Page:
It was weird seeing large crowds where very few were wearing a mask, but after the initial shock, it was so great seeing actual familiar faces together again. The MBA Annual conference held at the San Diego Convention Center required attendees to be vaccinated to attend. It was so amazing to be reunited with in a room with thousands of people. It was great to be getting back to normal and to behaving as the social animals we were designed to be.
The appraisal industry was front and center at this show and most of the appraisal discussion centered around three specific topics: Technology, Trainees, and Diversity. The biggest news of the show was when Director Sandra Thompson of FHFA informed the crowd that the desktop appraisal regulations put in place during the COVID-19 pandemic would be permanent starting in 2022. This is important for multiple reasons. First, they found that there was not a drop off in quality between the desktop appraisal and traditional appraisals. They want to continue to allow appraisers the flexibility to use desktop appraisals rather than having to go into a house where there could be an infected person. Going forward, they will make risk-based decisions as to the level of appraisal needed. Secondly, this will allow technology companies, lenders, and appraisers to develop new processes and technologies around desktops.
Appraisal Technology was front and center at this show. Kenon Chen from Clear Capital discussed the digitization of the appraisal process. We learned a lot during this pandemic because we had to improvise, but now that we can look back at the data, we can see how successful it was. Of the 40,000 homeowner inspected hybrid appraisals requested, most were on par or better than the traditional appraisals. The average time saved on these offerings was six days. The amount of weekend and evening inspections were doubled and there were 75% fewer customer escalations per file.
The most positive metric was the growing acceptance within the appraiser population. Part of the increase in acceptance has been the ease of use through new technology. When home scans started, you needed a $3,500 device and tripod to scan a house. Then technology improved and you could get a smaller device that could carry in your hand, but you still needed a tripod and you still needed an hour to scan a house. Technology has advanced to the point that anyone with an iPhone 12 or better can now do house scans with just their phone. The Lidar even provides more accurate measurement numbers than traditional tape measurement. Appraising has always been part art and part science. Technology is helping us get less variance and more consistency with the science part of it.
There was a lot of discussion around appraisal shortage. Lyle Radke of Fannie Mae presented a slide that shows in the last eight years, the appraisal population has gone down 1% while loan demand has doubled. This is an unprecedented situation. We need a renewed focus on appraiser training to attract more appraisers into the industry. The most worrisome statistic from his presentation was that 30% of the current appraisal population is nearing retirement age. While I do think technology can extend the working age of appraisers longer into the future, especially without having to travel, the question we need to ask is if these appraisers WANT to extend their careers or if they are ready to retire. If they aren’t planning on staying in the industry, we need a major realignment to the barriers to entry for new trainees. Right now, the initial requirements are too onerous. More needs to be done to embrace a younger and more diversified workforce.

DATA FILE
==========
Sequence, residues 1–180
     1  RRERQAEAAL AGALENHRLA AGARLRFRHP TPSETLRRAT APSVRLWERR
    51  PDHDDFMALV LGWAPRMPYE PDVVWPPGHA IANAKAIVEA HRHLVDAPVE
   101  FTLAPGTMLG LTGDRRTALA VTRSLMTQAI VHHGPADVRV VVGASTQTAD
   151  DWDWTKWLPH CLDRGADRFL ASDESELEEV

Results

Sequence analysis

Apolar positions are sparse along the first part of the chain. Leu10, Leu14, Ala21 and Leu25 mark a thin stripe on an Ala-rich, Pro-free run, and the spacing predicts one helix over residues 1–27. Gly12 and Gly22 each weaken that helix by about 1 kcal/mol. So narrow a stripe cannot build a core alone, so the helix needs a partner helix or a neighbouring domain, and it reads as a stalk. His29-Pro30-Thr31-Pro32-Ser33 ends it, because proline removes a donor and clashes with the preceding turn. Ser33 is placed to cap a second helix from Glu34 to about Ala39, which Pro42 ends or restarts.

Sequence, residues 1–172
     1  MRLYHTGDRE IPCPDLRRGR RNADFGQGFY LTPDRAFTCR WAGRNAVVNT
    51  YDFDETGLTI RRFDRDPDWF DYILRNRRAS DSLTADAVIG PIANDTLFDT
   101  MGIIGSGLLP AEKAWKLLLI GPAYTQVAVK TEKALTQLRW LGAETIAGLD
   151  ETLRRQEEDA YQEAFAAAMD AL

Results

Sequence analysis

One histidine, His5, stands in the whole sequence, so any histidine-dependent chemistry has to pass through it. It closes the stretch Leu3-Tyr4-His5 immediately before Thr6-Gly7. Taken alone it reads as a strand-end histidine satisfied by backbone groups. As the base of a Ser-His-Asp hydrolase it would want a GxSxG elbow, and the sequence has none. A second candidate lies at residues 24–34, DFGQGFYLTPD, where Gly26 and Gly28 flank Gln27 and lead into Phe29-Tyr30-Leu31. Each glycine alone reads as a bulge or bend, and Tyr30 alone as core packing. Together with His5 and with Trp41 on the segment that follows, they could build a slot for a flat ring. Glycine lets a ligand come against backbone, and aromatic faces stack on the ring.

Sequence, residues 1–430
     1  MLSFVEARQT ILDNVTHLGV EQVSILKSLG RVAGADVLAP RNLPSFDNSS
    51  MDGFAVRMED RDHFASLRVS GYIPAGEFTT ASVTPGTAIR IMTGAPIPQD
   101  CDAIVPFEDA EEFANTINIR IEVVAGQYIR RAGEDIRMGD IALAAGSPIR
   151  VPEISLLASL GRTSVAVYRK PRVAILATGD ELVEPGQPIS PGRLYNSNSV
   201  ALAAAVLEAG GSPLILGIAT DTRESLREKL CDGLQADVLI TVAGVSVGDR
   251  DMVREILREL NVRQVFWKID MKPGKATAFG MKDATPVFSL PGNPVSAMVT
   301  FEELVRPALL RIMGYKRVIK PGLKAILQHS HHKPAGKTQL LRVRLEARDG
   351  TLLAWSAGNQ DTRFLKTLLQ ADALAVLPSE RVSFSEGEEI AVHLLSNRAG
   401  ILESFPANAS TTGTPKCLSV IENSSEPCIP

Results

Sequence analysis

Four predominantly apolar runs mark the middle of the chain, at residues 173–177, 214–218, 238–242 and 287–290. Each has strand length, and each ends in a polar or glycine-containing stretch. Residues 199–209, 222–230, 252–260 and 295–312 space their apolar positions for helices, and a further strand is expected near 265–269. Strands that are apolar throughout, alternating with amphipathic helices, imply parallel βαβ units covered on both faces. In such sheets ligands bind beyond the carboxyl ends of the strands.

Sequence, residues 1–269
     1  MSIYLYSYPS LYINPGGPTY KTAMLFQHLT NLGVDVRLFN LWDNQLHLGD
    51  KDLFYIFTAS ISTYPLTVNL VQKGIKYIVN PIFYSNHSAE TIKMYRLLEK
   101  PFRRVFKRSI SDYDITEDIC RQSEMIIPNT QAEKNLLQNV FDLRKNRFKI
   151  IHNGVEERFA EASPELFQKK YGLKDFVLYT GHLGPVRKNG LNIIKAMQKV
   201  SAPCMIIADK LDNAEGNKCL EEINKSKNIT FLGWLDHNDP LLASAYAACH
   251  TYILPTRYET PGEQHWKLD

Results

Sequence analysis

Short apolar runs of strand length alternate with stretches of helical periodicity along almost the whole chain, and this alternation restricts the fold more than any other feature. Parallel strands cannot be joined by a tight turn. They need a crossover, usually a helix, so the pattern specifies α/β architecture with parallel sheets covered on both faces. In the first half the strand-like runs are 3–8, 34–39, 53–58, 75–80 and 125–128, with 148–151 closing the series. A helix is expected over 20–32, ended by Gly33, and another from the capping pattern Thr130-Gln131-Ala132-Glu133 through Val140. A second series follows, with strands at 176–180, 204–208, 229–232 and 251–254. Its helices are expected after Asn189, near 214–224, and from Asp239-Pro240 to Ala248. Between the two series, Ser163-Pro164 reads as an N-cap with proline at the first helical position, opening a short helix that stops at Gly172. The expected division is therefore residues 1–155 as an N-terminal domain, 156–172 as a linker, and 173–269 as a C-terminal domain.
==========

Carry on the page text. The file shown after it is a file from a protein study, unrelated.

Along with technology and trainees, another hot button topic was diversity. One of the problems with the trainee pool is that most trainees traditionally enter the industry via family members. Appraisers should encourage their family to join the industry, but they must also take a step and bring in more people who may not be family. Kristy Fercho, the 2022 MBA Chairman, began the opening session talking about the priority issue of diversity in homeownership and diversity in hiring. It’s not just a moral imperative but a business imperative. We need to build a pipeline of diverse backgrounds and new ideas.
There was a lot of talk on the racial bias, but there was also some interesting information on what happens with a racial bias claim. Jillian White talked about some of the data on the racial bias claims. If you haven’t read Jillian’s article in the latest issue of the Appraisal Buzz Magazine, you can find it here. She talked about how most of the accusations of racial bias are on cash out refinances, but not all. They also see a large spike in claims immediately after the news report on the topic. The fallout is that there is an added two weeks to the timeline on average and less than 45% of loans are approved and/or closed.
Finally, I want to close with discussing Brad Meltzer’s keynote presentation on Legacy. Brad is a NYT best-selling author and the host of two TV shows on the history channel. He talked about the legacy we leave with our family, friends, community, and finally, strangers. He said your resume fades, your job title is gone after you die, but what you do for other people lives on. I want to highlight that point and ask appraisers to think about their legacy. What will be left of the appraisal industry when you are retired? Do you want the industry to end? I know you don’t want to feel that your life’s work is now just over. I personally want to encourage you all to embrace the younger generation and bring on a trainee. Let’s band together and keep the appraiser in appraisals. Learn new technology, bring a trainee into the industry, and embrace diversity so our legacy lives on even after were all gone.
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